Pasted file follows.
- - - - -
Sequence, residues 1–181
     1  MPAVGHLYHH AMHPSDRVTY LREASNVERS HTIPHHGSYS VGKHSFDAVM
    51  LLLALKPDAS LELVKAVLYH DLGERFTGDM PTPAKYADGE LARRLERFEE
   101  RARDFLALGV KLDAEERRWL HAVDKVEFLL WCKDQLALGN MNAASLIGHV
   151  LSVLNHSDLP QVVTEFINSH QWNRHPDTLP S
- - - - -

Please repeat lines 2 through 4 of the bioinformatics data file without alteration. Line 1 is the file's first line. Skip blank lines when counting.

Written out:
     1  MPAVGHLYHH AMHPSDRVTY LREASNVERS HTIPHHGSYS VGKHSFDAVM
    51  LLLALKPDAS LELVKAVLYH DLGERFTGDM PTPAKYADGE LARRLERFEE
   101  RARDFLALGV KLDAEERRWL HAVDKVEFLL WCKDQLALGN MNAASLIGHV